FN4343 Vine is described as wine’s mother in Aesch. Pers. 614–615.
FN4444 Here also belong the metonymic linkages involving locales, including a reference to Delos as “the daughter of the sea” (πόντου θύγατερ fr.33c.3) or to Ortygia as “the sister of Delos” (Ὀρτυγία, δέµνιον Ἀρτέµιδος, Δάλου κασιγνήτα N.1.4). In general, in his genealogical metaphors Pindar uses feminine kinship terms much more often than male ones: thugatêr “daughter” (10), adelfea “sister” (1), kasignêta “sister” (1) matêr “mother” (11); among the male analogues, only patêr “father” (4) is used metaphorically; pais “child” is applied 6 times to feminine entities, and 3 times to masculine and neuter entities. The reason behind this remarkable distribution is the preponderance of feminine-gendered abstract nouns in Greek; in the long run, that also explains why in the later Western tradition allegorical figures tend to be female. Note also a preference for “matrilinear” genealogies in Hesiod (West, op. cit., 34–5), which intriguingly suggests an influence of the grammar of the language on the actual content of the theogony.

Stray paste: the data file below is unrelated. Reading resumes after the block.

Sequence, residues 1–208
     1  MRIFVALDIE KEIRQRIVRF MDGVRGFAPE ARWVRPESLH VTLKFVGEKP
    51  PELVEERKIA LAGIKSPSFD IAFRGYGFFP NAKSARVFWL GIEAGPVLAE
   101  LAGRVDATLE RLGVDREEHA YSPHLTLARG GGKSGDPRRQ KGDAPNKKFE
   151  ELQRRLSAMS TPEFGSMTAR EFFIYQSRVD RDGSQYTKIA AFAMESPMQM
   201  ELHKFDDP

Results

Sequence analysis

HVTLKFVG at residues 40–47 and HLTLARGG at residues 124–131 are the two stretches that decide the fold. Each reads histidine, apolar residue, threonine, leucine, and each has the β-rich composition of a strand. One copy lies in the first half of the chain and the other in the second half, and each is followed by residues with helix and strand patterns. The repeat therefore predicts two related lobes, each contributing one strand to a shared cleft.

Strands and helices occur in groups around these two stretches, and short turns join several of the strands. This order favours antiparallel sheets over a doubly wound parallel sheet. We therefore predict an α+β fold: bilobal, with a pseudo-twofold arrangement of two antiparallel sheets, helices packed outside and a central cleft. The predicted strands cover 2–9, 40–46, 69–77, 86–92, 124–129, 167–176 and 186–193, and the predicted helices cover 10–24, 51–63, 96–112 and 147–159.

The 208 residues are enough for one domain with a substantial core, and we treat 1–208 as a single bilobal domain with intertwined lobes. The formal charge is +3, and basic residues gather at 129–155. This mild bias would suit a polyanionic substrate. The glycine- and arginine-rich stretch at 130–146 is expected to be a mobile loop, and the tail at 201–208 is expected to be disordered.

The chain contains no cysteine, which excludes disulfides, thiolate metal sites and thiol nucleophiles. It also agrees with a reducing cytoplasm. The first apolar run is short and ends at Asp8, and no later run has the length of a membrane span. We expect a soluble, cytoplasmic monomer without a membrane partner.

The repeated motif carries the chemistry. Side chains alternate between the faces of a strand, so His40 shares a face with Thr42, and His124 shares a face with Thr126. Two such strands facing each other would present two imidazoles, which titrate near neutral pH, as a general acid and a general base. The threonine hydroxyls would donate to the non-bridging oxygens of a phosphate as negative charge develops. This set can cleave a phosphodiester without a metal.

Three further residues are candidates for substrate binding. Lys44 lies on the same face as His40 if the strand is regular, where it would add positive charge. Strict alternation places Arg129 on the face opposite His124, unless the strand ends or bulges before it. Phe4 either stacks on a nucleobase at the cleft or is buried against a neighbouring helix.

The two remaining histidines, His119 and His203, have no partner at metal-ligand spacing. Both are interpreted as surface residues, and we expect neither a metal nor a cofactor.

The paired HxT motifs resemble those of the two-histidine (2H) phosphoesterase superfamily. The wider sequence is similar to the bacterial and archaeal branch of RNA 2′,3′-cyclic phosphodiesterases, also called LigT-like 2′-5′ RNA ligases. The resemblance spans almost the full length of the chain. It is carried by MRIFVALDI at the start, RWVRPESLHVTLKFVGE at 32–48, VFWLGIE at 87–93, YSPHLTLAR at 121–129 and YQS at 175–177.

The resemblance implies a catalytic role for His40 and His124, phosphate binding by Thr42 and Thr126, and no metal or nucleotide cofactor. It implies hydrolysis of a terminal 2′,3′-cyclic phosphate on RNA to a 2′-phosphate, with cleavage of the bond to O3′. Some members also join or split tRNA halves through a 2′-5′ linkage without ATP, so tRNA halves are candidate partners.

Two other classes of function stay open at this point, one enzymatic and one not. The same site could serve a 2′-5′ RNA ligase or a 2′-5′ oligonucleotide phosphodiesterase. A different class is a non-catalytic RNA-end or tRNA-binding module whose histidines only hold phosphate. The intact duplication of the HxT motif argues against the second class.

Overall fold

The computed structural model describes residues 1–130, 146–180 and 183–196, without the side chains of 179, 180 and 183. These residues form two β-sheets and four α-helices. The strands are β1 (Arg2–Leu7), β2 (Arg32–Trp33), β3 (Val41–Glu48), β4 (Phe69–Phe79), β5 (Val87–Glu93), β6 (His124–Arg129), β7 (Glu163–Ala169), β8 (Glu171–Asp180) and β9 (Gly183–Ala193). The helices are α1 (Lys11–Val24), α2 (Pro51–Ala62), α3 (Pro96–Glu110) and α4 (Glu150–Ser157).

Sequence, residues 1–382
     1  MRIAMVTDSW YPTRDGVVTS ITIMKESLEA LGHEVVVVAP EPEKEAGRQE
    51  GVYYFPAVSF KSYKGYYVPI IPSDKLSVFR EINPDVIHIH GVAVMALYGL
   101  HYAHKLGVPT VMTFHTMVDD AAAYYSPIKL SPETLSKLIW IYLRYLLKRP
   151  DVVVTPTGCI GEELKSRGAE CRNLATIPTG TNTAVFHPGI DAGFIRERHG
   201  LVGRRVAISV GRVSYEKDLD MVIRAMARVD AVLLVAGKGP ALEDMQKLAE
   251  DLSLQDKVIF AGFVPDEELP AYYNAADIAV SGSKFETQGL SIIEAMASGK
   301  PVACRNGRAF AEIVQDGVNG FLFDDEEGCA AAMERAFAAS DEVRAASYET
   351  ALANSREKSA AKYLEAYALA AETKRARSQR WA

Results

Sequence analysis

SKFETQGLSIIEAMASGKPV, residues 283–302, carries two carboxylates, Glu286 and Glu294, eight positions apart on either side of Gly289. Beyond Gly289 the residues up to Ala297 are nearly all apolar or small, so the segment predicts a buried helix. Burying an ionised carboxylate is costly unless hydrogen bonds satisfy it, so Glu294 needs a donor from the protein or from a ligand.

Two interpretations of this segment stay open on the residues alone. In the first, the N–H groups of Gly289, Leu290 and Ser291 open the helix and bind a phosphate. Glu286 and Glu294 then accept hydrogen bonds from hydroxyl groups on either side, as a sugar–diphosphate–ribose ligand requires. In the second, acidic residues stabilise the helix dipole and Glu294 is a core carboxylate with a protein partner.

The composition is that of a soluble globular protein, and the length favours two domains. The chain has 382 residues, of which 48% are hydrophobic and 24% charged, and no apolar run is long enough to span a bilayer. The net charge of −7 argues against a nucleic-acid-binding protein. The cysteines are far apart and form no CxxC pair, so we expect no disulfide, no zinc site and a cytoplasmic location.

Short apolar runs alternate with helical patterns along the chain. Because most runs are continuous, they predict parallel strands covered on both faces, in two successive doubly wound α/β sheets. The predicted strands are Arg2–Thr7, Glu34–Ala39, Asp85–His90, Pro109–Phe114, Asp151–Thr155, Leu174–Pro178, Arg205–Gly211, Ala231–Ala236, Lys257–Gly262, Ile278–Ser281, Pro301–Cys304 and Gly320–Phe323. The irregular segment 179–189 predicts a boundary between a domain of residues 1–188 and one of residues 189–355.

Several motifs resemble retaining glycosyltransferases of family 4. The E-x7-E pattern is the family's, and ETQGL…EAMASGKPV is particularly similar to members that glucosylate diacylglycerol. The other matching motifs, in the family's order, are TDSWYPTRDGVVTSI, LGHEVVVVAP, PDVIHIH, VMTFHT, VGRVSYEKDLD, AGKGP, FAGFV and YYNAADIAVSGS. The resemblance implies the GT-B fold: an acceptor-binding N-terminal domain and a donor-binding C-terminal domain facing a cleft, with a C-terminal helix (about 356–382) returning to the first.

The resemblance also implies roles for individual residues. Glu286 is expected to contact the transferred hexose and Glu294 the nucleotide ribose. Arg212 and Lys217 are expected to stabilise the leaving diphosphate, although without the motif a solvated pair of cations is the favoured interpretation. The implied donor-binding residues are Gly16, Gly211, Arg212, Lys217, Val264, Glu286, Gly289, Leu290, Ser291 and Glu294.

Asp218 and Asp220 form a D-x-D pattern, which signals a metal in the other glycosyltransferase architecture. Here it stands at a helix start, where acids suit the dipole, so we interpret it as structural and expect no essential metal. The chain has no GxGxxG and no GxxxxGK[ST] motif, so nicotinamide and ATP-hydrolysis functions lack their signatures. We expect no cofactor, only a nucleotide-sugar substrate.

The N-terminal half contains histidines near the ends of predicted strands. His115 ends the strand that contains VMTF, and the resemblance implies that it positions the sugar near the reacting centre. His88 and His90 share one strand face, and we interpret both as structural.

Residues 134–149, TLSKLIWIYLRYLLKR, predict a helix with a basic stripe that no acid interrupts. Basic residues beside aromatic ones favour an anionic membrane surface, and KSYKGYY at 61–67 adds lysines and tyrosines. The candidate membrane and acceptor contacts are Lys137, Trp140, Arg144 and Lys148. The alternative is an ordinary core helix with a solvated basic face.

FN4545 Another god with a claim to parenthood who is not Zeus O. 2 is Kronos: πάτηρ [µέγας] . . . πόσις ὁ . . . Ῥέας (O. 2.76). There is a possibility that Khronos and Kronos are identified in this text, as they are, in fact, in Orphic philosophy (Nestle, op. cit., 163).